Ironically for a team who count Mexico as their greatest footballing rivals, USA will be lining up at the 2010 FIFA World Cup South Africa™ with two players of Mexican descent in their ranks.

Nevertheless, given the size of the Mexican community north of the Rio Grande, it should come as no surprise to find names such as Francisco Torres and Herculez Gomez in Bob Bradley's 23-man squad. And what makes their stories so intriguing is the fact that both had to move south of the border and shine in the Mexican league in order to earn their places at South Africa 2010.

Divided loyalties for Torres
Born to a Mexican father and an American mother, Torres was spotted by Pachuca as a teenager. After journeying down to Mexico to join Los Tuzos, he fast caught the eye with his stylish play. "He was really excited. He has a real passion for the game and his big dream was to play international football one day, for Mexico," said Pachuca president Jesus Martinez, pointing to the dilemma the player would face.

His confident displays for Pachuca led to the inevitable debate as to which of the two countries he should play for. Mexico's then coach, Hugo Sanchez, made the choice easier, however, by deciding to leave Torres out of his squad for the 2008 Olympic Football Tournament, prompting the player to nail his colours to the American mast. "It was a very difficult decision but when I took it I made sure I followed my heart," said Torres. "It was a very difficult few days and extremely stressful. I used to say to myself, 'What am I going to do?' but I managed to make my mind up in the end."

I'm here for a reason. Coach Bradley has shown a lot of confidence in me and I'm going to do everything I can to help the team in South Africa.

USA striker Herculez Gomez

Torres made the trip with the USA team to last year's FIFA Confederations Cup, where they reached the final. It was the first major step in an adventure that has earned the 22-year-old central midfielder a trip to South Africa 2010 as one of the most technically accomplished members of Bob Bradley's side. The Stars and Stripes coach certainly has high hopes of him. "He's got a lot of talent. He can really put passes together and he's intelligent. That’s why he’s been able to fit so well into the team."

Having put himself through a good deal of soul-searching, the central midfielder - who cana also line up out wide - is happy to be representing the country of his birth and is setting himself some ambitious targets for the future. "I want to play against Argentina and take on Lionel Messi. And then I want to join a big team like Real Madrid."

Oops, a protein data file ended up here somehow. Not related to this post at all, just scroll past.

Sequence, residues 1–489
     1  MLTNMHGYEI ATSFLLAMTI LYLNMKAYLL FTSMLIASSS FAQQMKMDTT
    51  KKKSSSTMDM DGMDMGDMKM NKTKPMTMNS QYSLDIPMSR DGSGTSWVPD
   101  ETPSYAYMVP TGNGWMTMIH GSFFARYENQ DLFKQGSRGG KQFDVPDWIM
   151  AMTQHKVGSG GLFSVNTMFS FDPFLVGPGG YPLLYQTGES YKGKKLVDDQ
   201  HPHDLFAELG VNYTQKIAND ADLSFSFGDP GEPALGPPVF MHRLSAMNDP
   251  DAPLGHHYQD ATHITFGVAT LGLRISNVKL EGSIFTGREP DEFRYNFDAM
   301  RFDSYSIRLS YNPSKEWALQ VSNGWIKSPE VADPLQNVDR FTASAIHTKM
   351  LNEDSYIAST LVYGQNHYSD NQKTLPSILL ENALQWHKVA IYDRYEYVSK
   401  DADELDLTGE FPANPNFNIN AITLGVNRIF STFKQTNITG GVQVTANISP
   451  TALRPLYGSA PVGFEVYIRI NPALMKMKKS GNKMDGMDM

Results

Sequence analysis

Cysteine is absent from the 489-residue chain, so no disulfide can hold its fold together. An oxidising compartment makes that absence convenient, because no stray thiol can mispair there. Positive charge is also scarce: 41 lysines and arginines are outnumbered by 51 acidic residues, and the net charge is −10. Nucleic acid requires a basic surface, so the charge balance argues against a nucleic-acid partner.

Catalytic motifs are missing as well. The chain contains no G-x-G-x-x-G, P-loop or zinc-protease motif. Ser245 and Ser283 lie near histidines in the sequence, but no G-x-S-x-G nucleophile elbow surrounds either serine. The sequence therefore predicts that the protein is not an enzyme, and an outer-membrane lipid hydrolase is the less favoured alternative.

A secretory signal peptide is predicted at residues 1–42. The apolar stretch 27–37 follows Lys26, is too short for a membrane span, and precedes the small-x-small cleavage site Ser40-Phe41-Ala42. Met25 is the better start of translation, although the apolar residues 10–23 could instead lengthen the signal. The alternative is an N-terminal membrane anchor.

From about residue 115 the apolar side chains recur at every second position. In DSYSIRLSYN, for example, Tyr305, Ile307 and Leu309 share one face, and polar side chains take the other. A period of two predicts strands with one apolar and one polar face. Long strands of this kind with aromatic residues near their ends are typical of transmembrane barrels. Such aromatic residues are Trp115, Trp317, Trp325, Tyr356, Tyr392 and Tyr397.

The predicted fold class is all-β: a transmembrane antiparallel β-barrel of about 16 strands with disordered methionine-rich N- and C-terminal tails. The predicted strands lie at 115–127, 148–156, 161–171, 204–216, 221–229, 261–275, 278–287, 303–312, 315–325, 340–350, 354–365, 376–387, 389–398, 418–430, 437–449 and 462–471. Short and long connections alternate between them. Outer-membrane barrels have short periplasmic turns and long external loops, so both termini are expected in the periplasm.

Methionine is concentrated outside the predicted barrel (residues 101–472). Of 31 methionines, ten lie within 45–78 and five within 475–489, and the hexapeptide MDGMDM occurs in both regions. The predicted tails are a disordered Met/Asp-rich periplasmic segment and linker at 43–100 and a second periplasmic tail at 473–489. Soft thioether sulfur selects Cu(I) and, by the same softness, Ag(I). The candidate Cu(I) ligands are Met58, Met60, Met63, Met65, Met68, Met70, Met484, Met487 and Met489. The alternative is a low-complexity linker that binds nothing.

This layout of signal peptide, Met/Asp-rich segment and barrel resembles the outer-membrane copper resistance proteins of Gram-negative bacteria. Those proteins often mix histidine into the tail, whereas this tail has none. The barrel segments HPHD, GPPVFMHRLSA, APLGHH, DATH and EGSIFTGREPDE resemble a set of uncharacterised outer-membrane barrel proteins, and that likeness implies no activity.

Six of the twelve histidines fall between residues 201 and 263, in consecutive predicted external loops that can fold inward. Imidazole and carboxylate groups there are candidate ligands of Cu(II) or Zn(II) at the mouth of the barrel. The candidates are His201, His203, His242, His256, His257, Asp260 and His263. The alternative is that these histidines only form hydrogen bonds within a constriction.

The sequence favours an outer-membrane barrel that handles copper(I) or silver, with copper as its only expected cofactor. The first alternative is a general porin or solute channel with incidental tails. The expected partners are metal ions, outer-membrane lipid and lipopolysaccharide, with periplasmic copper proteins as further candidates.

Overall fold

The labours of Herculez
The other member of Bradley's squad with Mexican blood coursing through his veins has an equally fascinating tale to tell. Like Torres, Gomez was born in the United States to Mexican-American parents. Moving at a young age from his native Los Angeles to Las Vegas, it was not long before he started showing an interest in soccer.

And as with Torres, it was a Mexican club who gave him the chance to show what he could do. The forward signed his first professional contract with Cruz Azul at the age of 19, but struggled to make an impact there and was loaned out to second and third-division sides without getting a top-flight run-out in two seasons with the club.

It was then that he decided to return to California, where it would take him another three years to make an MLS appearance with Los Angeles Galaxy. Overcoming a series of injuries, he finally established himself and received his first taste of international football when Bradley named him in an experimental USA squad for the 2007 Copa America.

Yet luck was against him again when he returned from Venezuela. Having by that time moved on from the Galaxy, he was deployed in an unfamiliar position on the right of midfield at both Colorado Rapids and Kansas City Wizards. With his career stalling, he decided to return to Mexico for a trial with lesser lights Puebla. The switch paid off. Despite making infrequent starts, he finally got in among the goals, ending his first campaign with the club as the league's top scorer with ten goals. It was the first time in history that an American player finished top marksman in a league outside of the United States.

Two further strikes for USA helped him clinch an unexpected seat on the plane to South Africa, where he is hoping to set the seal on a remarkable career turnaround. "It feels amazing to score these goals," he told FIFA.com after finding the target in a 3-1 warm-up win against Australia on Saturday. "I was very excited when I got the call-up to the national team, but I'm here for a reason. Coach Bradley has shown a lot of confidence in me and I'm going to do everything I can to help the team in South Africa."